The decision to leave the EU came on the back of rising bitterness among people. Membership in the EU was seen as expensive and not beneficial to the country. One of the major campaigning points of the leave camp was the issue of immigration. Given that free movement of people is an important part of being in the EU, the party argued that leaving the EU would help the country take back control of its borders.
Immigration in the UK has been on the rise since early 2000s. It shot up further with the accession of the eight East European economies into the EU. Figure 1 shows how, leading up to Brexit, immigration from the EU to the UK was constantly increasing.
The growing number of foreign nationals in the country led to increased resentment among the local population against EU nationals. Several factors contributed to this resentment.
First, there was a drop in real wages in the UK after 2009. This decline, which was mainly a result of the Global Financial Crisis (GFC), was erroneously attributed to immigrants who were seen as having depressed domestic wages. In reality, real wages had actually risen during the early 2000s when immigration from the EU was on the rise and fell only after the GFC.
Second, was rising housing costs, especially in areas with more foreign-born population. Rising housing costs lowered the quality of accommodation that was available to the local population.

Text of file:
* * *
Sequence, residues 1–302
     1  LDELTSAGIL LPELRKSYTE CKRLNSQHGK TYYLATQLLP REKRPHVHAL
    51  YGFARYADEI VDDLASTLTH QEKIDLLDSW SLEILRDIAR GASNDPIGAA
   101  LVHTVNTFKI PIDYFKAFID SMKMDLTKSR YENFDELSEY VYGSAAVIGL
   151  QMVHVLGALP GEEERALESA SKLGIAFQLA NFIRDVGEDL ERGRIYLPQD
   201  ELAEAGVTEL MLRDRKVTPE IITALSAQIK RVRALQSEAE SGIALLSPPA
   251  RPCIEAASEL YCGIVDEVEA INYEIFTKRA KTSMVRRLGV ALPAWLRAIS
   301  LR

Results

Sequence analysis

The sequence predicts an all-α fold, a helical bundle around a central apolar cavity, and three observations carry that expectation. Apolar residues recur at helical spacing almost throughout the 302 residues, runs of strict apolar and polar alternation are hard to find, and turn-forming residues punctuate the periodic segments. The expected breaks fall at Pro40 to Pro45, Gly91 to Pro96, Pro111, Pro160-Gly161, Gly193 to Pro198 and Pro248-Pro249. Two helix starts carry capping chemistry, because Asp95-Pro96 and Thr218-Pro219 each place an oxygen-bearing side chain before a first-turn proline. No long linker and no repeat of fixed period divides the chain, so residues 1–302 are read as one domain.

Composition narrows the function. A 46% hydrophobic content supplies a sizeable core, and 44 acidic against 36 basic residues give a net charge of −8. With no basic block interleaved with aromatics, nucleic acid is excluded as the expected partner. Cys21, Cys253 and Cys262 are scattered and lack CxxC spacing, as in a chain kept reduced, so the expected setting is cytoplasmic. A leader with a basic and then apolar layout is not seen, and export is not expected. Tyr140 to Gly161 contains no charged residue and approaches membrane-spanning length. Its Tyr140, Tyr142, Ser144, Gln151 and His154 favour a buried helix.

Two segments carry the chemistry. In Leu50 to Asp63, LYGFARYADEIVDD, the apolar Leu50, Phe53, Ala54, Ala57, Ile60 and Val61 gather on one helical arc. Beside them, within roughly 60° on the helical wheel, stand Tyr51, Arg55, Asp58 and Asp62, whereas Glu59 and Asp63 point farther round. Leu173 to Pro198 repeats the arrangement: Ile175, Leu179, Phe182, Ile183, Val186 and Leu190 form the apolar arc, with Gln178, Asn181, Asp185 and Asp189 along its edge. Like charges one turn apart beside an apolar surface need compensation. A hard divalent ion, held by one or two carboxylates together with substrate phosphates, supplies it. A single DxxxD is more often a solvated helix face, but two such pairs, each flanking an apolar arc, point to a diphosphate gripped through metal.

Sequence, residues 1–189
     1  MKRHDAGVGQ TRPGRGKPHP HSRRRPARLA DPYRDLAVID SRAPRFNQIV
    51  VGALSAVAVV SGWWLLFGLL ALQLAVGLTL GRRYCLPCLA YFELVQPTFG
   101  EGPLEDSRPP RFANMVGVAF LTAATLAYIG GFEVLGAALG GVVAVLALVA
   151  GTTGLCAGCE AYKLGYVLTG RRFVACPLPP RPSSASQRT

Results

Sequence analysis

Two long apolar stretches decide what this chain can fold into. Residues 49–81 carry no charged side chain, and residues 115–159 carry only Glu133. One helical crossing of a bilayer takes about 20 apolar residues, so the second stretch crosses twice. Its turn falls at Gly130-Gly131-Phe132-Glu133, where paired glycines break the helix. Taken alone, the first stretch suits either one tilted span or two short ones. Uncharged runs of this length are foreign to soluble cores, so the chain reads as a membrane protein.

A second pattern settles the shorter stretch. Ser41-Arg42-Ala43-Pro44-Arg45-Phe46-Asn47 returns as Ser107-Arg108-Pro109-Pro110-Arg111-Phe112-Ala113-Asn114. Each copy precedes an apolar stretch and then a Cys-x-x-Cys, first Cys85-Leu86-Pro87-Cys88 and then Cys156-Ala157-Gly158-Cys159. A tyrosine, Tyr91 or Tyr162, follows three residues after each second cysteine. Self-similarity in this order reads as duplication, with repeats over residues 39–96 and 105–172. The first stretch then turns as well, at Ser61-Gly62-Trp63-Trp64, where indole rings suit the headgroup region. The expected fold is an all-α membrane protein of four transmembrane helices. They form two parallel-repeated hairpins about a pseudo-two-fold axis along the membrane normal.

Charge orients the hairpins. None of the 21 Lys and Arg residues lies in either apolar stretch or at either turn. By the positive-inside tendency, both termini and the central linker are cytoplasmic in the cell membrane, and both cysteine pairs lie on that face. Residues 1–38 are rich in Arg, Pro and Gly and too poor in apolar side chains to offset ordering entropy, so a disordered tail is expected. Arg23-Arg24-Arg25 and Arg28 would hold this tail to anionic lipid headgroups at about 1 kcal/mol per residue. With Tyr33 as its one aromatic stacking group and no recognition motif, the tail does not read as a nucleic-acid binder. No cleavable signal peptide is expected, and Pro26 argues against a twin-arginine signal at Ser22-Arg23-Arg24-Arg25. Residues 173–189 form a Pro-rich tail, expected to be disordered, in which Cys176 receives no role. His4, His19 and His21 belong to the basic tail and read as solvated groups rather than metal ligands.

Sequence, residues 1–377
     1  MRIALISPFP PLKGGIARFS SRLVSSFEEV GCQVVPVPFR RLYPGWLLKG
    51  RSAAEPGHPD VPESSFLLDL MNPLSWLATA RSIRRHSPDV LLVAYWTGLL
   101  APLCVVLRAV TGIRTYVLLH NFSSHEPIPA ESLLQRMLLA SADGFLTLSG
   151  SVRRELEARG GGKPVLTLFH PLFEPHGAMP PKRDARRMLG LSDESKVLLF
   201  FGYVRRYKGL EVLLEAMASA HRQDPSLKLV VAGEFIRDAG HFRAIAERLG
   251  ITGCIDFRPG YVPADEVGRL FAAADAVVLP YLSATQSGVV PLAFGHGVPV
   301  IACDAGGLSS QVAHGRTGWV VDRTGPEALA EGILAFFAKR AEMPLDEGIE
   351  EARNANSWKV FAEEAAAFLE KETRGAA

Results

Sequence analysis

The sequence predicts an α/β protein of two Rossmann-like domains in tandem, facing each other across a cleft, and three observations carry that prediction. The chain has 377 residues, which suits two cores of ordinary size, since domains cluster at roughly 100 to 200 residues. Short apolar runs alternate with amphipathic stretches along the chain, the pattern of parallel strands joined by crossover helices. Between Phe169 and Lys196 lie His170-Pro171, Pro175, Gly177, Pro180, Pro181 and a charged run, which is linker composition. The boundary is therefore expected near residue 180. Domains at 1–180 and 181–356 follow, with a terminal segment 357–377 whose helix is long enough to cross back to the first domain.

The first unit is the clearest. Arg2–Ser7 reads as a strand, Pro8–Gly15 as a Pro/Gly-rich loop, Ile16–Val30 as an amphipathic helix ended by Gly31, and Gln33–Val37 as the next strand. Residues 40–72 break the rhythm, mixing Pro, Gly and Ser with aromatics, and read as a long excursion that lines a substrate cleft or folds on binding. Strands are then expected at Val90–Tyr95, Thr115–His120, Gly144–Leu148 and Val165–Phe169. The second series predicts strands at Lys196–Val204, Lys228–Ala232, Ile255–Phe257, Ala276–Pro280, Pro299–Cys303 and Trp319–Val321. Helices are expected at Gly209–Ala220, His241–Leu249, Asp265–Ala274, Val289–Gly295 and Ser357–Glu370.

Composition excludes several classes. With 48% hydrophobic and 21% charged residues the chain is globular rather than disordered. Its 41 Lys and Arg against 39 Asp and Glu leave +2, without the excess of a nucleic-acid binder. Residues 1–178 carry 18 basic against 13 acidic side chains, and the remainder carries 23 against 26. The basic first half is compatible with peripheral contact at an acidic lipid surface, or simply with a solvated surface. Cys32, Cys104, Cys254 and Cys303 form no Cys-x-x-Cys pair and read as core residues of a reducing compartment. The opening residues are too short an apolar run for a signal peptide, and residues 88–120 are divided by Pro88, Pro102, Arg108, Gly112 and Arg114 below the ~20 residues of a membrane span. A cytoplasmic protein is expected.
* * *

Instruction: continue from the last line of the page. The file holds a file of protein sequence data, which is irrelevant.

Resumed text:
Third, immigrants were held responsible for the rising burden on the National Health Service (NHS). The NHS has been struggling to meet the demand for healthcare and social services, mainly due to a severe lack of funding and an inadequate number of doctors and nurses. Brexit supporters, however, attributed the problems of NHS mainly to immigrants.
Lastly, the antipathy against other EU nationals also resulted from their better socio-economic indicators. In general, immigrants from the EU tend to be younger, more educated, healthier, and their children are more likely to be educated than those of the native population. Their median income levels and rate of employment are also on the higher side. For instance, the employment rate for EU nationals (excluding the UK) was 78.7% during January–March 2016, compared to 74.6% for UK nationals.
Such resentment, spurred by a variety of factors though not always validated by facts and figures, was a major reason for the UK’s decision to exit from the EU. As promised during the campaign, the Brexiteers began work on a new immigration policy that would keep Europeans out of their country. A new immigration policy was announced by the British Home Minister in February 2020. The new policy introduces a points-based system that restricts entry of unskilled migrants to the UK from the EU. The new rules, which will be valid from 1 January 2021, put nationals from EU and non-EU countries at par. The preference now, as claimed by policymakers, would be based on skill levels of workers and not their nationalities.